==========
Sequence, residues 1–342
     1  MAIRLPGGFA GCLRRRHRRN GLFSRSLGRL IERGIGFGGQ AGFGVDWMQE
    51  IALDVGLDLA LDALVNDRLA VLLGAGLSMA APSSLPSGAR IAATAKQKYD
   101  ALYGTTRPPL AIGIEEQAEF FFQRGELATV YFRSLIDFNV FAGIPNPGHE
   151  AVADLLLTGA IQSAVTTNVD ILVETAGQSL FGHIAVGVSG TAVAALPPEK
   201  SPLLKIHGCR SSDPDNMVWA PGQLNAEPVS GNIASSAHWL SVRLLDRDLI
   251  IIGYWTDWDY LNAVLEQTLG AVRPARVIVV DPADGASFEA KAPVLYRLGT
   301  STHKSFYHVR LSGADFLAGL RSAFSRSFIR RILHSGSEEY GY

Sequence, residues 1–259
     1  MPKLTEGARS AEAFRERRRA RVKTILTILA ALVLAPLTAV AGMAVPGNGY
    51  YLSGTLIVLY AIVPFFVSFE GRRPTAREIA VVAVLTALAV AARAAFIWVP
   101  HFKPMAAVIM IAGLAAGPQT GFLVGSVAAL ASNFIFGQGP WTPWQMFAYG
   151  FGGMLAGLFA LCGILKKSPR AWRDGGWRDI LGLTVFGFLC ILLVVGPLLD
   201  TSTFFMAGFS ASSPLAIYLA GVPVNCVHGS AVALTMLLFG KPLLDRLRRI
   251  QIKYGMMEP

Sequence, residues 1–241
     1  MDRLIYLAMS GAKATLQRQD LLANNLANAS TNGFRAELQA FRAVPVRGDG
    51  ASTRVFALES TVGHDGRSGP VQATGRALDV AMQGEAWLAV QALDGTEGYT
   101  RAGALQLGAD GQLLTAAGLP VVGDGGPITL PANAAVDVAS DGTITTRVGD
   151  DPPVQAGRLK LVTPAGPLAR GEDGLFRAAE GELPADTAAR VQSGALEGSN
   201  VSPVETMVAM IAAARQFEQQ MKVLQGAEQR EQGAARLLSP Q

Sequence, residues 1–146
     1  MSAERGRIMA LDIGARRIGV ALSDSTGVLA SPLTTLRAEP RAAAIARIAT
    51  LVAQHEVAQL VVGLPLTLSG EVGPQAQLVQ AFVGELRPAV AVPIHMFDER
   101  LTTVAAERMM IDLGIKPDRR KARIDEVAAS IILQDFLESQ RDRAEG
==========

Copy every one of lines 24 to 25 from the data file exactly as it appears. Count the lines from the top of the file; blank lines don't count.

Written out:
    51  LVAQHEVAQL VVGLPLTLSG EVGPQAQLVQ AFVGELRPAV AVPIHMFDER
   101  LTTVAAERMM IDLGIKPDRR KARIDEVAAS IILQDFLESQ RDRAEG